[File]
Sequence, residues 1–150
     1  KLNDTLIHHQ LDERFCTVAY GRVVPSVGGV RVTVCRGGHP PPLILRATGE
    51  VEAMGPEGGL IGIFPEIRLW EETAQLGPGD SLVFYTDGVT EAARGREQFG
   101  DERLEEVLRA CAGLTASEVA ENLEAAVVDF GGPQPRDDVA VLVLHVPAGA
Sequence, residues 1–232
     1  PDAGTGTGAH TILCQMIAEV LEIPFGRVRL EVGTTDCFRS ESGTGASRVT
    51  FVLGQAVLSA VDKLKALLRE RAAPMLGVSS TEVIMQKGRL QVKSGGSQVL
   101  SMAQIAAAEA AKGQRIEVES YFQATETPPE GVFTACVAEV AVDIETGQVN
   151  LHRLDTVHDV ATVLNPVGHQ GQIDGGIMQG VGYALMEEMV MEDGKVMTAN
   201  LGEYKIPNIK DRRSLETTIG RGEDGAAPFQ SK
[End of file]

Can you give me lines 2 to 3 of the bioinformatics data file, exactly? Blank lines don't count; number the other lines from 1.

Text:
     1  KLNDTLIHHQ LDERFCTVAY GRVVPSVGGV RVTVCRGGHP PPLILRATGE
    51  VEAMGPEGGL IGIFPEIRLW EETAQLGPGD SLVFYTDGVT EAARGREQFG